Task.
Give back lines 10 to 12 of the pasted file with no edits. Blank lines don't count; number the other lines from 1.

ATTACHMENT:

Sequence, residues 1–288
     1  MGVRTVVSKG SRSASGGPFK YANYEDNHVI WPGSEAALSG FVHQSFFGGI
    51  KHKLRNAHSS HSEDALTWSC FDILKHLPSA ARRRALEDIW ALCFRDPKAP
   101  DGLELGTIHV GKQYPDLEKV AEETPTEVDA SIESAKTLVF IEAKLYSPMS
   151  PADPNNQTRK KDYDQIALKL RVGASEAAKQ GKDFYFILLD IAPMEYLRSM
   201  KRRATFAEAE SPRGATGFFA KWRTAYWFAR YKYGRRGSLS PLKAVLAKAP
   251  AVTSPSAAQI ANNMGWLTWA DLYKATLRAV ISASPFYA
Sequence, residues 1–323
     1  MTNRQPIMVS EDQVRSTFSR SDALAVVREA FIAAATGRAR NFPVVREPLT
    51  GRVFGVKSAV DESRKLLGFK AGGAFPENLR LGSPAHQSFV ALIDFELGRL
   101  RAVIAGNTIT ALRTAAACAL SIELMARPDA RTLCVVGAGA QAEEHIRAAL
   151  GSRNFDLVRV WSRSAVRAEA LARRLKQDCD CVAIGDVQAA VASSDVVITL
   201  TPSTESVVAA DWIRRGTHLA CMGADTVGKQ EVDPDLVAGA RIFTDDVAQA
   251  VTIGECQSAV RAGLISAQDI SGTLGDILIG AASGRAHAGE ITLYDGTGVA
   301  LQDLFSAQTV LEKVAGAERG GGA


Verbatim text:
    51  GRVFGVKSAV DESRKLLGFK AGGAFPENLR LGSPAHQSFV ALIDFELGRL
   101  RAVIAGNTIT ALRTAAACAL SIELMARPDA RTLCVVGAGA QAEEHIRAAL
   151  GSRNFDLVRV WSRSAVRAEA LARRLKQDCD CVAIGDVQAA VASSDVVITL